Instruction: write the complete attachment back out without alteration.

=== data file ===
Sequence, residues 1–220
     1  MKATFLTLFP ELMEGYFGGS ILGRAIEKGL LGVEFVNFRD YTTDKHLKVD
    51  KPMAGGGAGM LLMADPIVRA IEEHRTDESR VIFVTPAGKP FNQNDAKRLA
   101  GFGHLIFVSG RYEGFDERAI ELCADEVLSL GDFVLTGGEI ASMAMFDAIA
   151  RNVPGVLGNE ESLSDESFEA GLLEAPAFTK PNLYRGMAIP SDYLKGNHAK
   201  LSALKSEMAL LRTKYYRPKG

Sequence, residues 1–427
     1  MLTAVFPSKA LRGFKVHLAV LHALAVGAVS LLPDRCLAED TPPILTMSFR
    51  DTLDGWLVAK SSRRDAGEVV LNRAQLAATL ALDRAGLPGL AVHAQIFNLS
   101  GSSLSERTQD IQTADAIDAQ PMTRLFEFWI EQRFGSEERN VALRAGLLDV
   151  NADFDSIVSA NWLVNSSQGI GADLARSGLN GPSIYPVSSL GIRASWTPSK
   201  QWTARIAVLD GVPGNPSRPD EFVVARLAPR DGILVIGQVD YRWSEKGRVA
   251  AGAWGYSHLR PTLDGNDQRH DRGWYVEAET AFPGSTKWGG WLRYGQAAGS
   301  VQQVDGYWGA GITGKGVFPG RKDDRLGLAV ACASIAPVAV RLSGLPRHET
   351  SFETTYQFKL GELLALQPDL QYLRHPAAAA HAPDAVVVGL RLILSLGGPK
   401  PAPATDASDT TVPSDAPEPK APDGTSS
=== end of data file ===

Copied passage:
Sequence, residues 1–220
     1  MKATFLTLFP ELMEGYFGGS ILGRAIEKGL LGVEFVNFRD YTTDKHLKVD
    51  KPMAGGGAGM LLMADPIVRA IEEHRTDESR VIFVTPAGKP FNQNDAKRLA
   101  GFGHLIFVSG RYEGFDERAI ELCADEVLSL GDFVLTGGEI ASMAMFDAIA
   151  RNVPGVLGNE ESLSDESFEA GLLEAPAFTK PNLYRGMAIP SDYLKGNHAK
   201  LSALKSEMAL LRTKYYRPKG

Sequence, residues 1–427
     1  MLTAVFPSKA LRGFKVHLAV LHALAVGAVS LLPDRCLAED TPPILTMSFR
    51  DTLDGWLVAK SSRRDAGEVV LNRAQLAATL ALDRAGLPGL AVHAQIFNLS
   101  GSSLSERTQD IQTADAIDAQ PMTRLFEFWI EQRFGSEERN VALRAGLLDV
   151  NADFDSIVSA NWLVNSSQGI GADLARSGLN GPSIYPVSSL GIRASWTPSK
   201  QWTARIAVLD GVPGNPSRPD EFVVARLAPR DGILVIGQVD YRWSEKGRVA
   251  AGAWGYSHLR PTLDGNDQRH DRGWYVEAET AFPGSTKWGG WLRYGQAAGS
   301  VQQVDGYWGA GITGKGVFPG RKDDRLGLAV ACASIAPVAV RLSGLPRHET
   351  SFETTYQFKL GELLALQPDL QYLRHPAAAA HAPDAVVVGL RLILSLGGPK
   401  PAPATDASDT TVPSDAPEPK APDGTSS